There are different types of swimming robots (or Robot Fishes). Here we examined some of these:
PacX Wave Glider
Also known as Papa Mau, swam all the way from San Francisco to Queensland, Australia, a distance of 9,000 nautical miles (16,668 kilometers). After more than a year in the water, a swimming robot has set a new world record for the longest distance traveled by an autonomous vehicle.
The company behind the project, US-based Liquid Robotics, used Papa Mau to gather “unprecedented amounts of high-resolution ocean data never before available over these vast distances or time-frames” to help scientists learn more about the condition and ecosystem of the Pacific.
During its journey, the swimming robot weathered gale force storms, fended off the attention of sharks and navigated its way around the Great Barrier Reef before finally arriving in Queensland this week.
PacX comprises two main sections
-the top part has a surfboard-like appearance which helps stabilize the robot,
-the bottom section is made up of a number of fins and a keel.
There’s no fuel consumption involved as PacX is designed to convert wave energy into forward thrust.
Liquid Robotics still has another three robots at sea – one is heading for Australia while the other two are on their way to Japan.
Most remarkable has to have been the fish, which swam round large tanks on the Festo stand under radio control, spitting bubbles at passers by. As well as demonstrating the capabilities of the company’s Fluidic Muscles and robotic controls, it looks to be well capable of underwater surveillance, monitoring and robotic tasks, and points a way forward for Biomimetics as a way to design future underwater vehicles.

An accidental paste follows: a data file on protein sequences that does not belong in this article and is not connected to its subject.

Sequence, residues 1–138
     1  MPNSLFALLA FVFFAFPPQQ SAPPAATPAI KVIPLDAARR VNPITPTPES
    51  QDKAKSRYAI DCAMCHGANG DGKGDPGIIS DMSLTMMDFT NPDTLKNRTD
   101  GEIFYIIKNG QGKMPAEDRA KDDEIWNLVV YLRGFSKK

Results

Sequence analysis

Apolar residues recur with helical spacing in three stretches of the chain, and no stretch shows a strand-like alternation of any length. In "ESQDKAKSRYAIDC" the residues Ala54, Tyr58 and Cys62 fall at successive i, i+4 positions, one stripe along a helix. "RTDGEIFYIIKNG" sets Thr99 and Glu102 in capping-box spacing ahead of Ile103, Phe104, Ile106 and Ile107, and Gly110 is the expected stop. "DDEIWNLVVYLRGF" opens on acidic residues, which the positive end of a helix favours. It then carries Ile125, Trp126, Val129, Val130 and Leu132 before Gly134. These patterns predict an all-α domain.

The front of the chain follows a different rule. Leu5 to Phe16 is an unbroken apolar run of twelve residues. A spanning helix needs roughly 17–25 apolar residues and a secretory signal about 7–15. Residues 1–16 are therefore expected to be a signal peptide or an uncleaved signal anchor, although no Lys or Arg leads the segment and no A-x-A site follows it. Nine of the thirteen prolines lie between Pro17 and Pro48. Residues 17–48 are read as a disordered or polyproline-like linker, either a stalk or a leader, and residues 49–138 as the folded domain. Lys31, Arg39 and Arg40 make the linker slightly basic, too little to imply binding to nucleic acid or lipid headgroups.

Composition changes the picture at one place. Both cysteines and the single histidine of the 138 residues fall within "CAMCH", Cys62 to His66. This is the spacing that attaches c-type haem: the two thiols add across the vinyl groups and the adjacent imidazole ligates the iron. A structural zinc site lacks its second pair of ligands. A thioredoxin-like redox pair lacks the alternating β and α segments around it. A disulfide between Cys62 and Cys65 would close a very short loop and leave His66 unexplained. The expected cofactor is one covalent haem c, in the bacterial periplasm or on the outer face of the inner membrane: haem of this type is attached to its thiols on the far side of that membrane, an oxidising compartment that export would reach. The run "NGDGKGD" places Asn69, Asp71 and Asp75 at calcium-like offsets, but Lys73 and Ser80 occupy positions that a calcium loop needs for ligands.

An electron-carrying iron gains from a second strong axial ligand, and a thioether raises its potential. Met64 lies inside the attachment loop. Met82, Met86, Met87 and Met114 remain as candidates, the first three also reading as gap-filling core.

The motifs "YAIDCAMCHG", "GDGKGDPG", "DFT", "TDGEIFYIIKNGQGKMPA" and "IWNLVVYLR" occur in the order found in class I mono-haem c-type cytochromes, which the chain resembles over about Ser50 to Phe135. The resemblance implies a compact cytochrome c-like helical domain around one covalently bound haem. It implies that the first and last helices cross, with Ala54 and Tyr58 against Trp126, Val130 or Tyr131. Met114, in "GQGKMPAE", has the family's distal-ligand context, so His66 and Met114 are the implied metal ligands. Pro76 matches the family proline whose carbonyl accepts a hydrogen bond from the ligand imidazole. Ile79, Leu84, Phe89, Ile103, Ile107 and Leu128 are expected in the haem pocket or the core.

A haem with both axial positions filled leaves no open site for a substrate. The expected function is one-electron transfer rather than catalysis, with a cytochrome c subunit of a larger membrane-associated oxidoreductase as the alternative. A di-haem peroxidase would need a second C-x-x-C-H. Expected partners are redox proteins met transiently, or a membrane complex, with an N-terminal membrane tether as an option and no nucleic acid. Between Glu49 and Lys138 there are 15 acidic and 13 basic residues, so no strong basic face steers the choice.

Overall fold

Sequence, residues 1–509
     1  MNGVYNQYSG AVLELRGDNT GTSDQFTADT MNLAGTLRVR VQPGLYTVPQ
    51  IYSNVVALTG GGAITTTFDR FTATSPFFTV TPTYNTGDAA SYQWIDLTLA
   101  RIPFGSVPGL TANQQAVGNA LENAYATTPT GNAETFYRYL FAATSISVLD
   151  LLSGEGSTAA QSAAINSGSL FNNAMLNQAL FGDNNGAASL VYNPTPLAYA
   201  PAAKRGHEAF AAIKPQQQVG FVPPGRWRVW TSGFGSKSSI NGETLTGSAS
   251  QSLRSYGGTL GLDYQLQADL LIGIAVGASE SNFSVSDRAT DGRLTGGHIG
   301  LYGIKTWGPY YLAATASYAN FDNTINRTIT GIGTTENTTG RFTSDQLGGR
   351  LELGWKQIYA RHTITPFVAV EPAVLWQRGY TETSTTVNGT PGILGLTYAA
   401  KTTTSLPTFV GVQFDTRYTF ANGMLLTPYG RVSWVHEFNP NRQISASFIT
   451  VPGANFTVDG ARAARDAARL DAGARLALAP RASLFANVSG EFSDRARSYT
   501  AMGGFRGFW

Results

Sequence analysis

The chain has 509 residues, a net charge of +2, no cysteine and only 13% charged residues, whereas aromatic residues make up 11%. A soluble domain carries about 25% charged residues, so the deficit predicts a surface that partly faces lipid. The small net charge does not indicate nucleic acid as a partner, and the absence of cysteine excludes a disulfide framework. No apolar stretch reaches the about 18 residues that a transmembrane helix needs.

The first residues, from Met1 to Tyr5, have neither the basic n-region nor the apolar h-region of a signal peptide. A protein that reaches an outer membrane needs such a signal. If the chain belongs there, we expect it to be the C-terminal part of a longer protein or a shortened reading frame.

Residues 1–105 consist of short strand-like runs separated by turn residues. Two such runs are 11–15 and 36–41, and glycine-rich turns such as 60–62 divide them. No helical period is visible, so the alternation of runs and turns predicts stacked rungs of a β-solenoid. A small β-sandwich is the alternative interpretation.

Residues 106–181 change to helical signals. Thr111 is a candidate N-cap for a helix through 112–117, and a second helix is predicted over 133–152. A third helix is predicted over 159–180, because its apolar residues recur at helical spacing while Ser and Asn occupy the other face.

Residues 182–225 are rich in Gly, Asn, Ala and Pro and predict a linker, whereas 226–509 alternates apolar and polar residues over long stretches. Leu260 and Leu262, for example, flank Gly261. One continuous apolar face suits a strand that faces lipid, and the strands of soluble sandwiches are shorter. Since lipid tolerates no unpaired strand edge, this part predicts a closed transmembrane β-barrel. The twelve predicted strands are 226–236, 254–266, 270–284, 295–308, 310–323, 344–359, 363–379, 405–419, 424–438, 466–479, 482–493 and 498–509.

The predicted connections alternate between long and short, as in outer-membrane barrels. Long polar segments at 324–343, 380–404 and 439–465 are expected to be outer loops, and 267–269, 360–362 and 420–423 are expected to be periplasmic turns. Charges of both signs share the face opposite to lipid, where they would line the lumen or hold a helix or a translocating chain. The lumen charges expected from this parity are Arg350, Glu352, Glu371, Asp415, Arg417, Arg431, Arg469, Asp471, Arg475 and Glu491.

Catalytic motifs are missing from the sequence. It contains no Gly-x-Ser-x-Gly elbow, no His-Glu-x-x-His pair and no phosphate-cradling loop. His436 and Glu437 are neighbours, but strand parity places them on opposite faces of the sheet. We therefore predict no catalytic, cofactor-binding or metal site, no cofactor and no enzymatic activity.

Swimming Swumanoid’ Robot
Japanese researchers are building a human-like robotic swimmer that could help athletes swim faster, or at least wear speedier swimsuits. Among other things, the Swumanoid will give researchers insight into the propulsive force created by a swimmer’s hands, which is difficult to gauge with sensors on an actual human.
The robot is modeled after a competitive swimmer, built to half scale. Waterproof motors reproduce swimming motions. It currently swims about three times slower than the current 100-meter freestyle record-holder, Brazilian Cesar Cielo. Nakashima said the robot will find use in sports research. It might also serve as a rescue robot. Given other developments on the robot lifeguard front, it’s beginning to look like a favorite summer job is about to be automated.